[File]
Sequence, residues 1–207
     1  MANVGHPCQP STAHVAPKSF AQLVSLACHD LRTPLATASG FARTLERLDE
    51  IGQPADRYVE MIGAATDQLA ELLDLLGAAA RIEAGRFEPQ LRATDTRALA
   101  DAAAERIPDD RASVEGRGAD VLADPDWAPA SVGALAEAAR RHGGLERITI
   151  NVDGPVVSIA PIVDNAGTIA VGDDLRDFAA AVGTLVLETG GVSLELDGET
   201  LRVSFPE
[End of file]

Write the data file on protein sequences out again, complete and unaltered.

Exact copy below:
Sequence, residues 1–207
     1  MANVGHPCQP STAHVAPKSF AQLVSLACHD LRTPLATASG FARTLERLDE
    51  IGQPADRYVE MIGAATDQLA ELLDLLGAAA RIEAGRFEPQ LRATDTRALA
   101  DAAAERIPDD RASVEGRGAD VLADPDWAPA SVGALAEAAR RHGGLERITI
   151  NVDGPVVSIA PIVDNAGTIA VGDDLRDFAA AVGTLVLETG GVSLELDGET
   201  LRVSFPE